Light, balanced and unbalanced growth and ammonium assimilation kinetics of Ulva

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dc.contributor.advisor Rees, Alwyn
dc.contributor.advisor Taylor, Richard
dc.contributor.author Sanchez-Medina, Rigoberto
dc.date.accessioned 2022-01-10T20:28:20Z
dc.date.available 2022-01-10T20:28:20Z
dc.date.issued 2021 en
dc.identifier.uri https://hdl.handle.net/2292/57909
dc.description.abstract Macroalgae are important primary producers in coastal and estuarine waters and they depend on two essential resources: light and nutrients, but there are occasions when one or both can limit growth rate. Therefore, an improved understanding of how they acquire nutrients and how light and/or nutrient limitation impacts their growth and physiology is essential to understanding the ecology and aquaculture of macroalgae, particularly fast-growing, and potentially nuisance, species of Ulva. The kinetics of ammonium assimilation in Ulva was investigated using three techniques. The unifying component of all three methods is that the internally-controlled phase (Vi) of the perturbation method is numerically equal to the maximum rate of ammonium assimilation and therefore Vmax of the Michaelis-Menten formula is effectively already defined. The first method used two phases (Vi and Ve) of the perturbation method to determine kinetics, the second used the multiple-perturbation method and the third the CCCP method, which, unlike the other two methods, has independent evidence to support its validity. The relationships between rate of ammonium uptake and ammonium concentration for the first two methods had little correspondence to the relationship between rate of ammonium assimilation and ammonium concentration using the CCCP method, suggesting that the first two methods were not measuring the kinetics of ammonium assimilation. Following transfer of U. pertusa to decreased photon flux densities (10, 15, 30 and 50% ambient light) in outdoor cultures there was an initial phase (first 7 days) of unbalanced growth in which tissue at decreased photon flux density had similar, and not significantly different, growth rates measured as increases in total chlorophyll to that for the control (100% ambient light). Growth rates measured as increases in tissue fresh weight, dry weight, ash-free dry weight or surface area were significantly lower at decreased photon flux densities. After the period of unbalanced growth, a new steady-state was achieved and growth became balanced again, with no significant differences in the relationships between growth rate measured by any constituent and % ambient light. The qmin (photon flux density at which growth rate is zero) derived from the Droop relationship was 1.3 ± 0.1 mol photons m⁻² d⁻¹. There was a strong positive relationship between total chlorophyll and nitrogen (as %N) content, suggesting that growth rates measured as increases in tissue nitrogen would be similar to those calculated as increases in total chlorophyll. U. pertusa maintained at iv 10% ambient light in spring had significantly greater rates of ammonium assimilation when measured at 30 or 300 μmole m⁻² s⁻¹ compared with those from 100% light, but there was little difference in rates of assimilation for U. pertusa maintained at 10% and 100% ambient light in autumn and winter, possibly because the growth rate at 10% was close to qmin. Growth of U. pertusa in summer was N-limited and addition of nitrogen at low photon flux densities in indoor cultures led to high growth rates measured as increases in total chlorophyll. However, the relationship between total chlorophyll and nitrogen (as %N) content was poor, suggesting that increases in light harvesting pigment-protein complexes accounted for little of the increase in % N particularly in the 100% light treatment. Depriving U. pertusa of nutrients (nitrogen and phosphorus) resulted in even lower total chlorophyll content than with natural nitrogen deficiency. The increase in total chlorophyll content after addition of nitrate and phosphate at low photon flux density combined with the increase in biomass, yielded a growth rate measured as an increase in total chlorophyll of 0.67 d-1 that exceeds the highest growth rate ever measured in Ulva. Issues relating to the use of the Michaelis-Menten and Droop equations in uptake kinetics and light-limited growth rate, respectively, the advantages and disadvantages of using indoor and outdoor cultures, the relationship between total chlorophyll and %N in N-deficient U. pertusa and future experiments are discussed.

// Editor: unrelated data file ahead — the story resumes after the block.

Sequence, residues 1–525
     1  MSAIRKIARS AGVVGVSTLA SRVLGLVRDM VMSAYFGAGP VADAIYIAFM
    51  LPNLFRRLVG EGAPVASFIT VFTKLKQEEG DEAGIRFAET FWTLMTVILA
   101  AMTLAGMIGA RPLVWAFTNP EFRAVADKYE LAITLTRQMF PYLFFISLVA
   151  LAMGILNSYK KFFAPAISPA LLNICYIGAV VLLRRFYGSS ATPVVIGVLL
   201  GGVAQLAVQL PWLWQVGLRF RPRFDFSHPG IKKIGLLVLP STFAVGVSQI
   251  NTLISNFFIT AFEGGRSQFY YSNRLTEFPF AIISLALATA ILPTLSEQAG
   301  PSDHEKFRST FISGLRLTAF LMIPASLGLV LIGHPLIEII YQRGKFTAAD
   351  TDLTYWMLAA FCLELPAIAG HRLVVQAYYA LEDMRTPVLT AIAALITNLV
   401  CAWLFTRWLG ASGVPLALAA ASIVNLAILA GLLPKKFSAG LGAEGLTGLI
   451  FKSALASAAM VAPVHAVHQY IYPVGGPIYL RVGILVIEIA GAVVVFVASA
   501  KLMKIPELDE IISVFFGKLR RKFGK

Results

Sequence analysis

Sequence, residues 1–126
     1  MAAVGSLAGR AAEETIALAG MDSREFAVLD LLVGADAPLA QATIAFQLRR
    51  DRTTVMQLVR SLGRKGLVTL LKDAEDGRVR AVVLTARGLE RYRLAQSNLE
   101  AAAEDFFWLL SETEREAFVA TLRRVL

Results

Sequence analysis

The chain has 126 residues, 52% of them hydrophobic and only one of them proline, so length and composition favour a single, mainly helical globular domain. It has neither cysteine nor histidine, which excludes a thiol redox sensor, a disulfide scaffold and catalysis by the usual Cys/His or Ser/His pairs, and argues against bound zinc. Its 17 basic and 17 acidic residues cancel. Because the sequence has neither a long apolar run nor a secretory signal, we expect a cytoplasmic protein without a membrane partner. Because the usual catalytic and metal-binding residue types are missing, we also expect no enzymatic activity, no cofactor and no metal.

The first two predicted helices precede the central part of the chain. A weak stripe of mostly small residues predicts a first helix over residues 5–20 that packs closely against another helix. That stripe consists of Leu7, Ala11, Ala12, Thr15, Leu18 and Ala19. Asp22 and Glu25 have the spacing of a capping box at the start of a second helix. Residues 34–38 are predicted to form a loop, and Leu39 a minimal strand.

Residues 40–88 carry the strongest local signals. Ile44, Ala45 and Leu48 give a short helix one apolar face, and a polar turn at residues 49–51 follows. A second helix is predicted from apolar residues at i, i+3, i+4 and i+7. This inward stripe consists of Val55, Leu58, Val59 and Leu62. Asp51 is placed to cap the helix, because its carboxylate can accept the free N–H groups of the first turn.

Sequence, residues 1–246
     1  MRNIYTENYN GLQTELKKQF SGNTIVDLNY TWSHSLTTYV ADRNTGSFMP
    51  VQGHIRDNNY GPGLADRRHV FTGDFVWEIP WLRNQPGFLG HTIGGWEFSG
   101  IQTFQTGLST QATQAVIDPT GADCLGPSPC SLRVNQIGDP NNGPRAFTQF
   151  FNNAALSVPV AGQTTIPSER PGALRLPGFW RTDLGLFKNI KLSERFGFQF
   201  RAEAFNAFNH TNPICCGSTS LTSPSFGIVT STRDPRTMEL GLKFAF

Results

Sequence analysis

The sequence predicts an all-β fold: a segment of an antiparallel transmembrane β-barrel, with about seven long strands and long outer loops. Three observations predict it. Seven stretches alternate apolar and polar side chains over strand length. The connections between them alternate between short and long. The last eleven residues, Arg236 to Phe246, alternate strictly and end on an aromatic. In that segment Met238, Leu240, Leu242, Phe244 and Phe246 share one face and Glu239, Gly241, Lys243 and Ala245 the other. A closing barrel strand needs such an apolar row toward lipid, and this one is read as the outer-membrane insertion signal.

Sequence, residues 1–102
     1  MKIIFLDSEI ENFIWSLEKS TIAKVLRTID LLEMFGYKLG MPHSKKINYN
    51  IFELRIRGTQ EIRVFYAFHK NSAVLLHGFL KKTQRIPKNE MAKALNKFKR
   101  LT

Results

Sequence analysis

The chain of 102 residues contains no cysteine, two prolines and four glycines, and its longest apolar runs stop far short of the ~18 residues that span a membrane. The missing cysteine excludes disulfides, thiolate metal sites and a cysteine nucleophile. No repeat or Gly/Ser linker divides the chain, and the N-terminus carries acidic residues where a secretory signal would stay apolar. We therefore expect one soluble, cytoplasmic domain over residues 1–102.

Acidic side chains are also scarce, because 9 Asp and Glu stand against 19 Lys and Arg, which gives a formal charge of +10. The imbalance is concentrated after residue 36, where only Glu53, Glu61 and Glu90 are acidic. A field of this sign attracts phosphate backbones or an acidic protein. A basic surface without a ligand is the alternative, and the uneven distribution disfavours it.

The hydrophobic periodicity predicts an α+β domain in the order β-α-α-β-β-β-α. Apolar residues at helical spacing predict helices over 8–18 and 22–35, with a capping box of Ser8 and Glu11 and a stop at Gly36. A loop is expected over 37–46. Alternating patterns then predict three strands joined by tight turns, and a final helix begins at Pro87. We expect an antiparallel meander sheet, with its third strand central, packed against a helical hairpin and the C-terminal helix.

dc.publisher ResearchSpace@Auckland en
dc.relation.ispartof PhD Thesis - University of Auckland en
dc.relation.isreferencedby UoA en
dc.rights Items in ResearchSpace are protected by copyright, with all rights reserved, unless otherwise indicated. en
dc.rights Items in ResearchSpace are protected by copyright, with all rights reserved, unless otherwise indicated.
dc.rights.uri https://researchspace.auckland.ac.nz/docs/uoa-docs/rights.htm en
dc.rights.uri http://creativecommons.org/licenses/by-nc-sa/3.0/nz/
dc.title Light, balanced and unbalanced growth and ammonium assimilation kinetics of Ulva
dc.type Thesis en
thesis.degree.discipline Marine Science
thesis.degree.grantor The University of Auckland en
thesis.degree.level Doctoral en
thesis.degree.name PhD en
dc.date.updated 2021-12-16T18:45:31Z
dc.rights.holder Copyright: The author en
dc.rights.accessrights http://purl.org/eprint/accessRights/OpenAccess en


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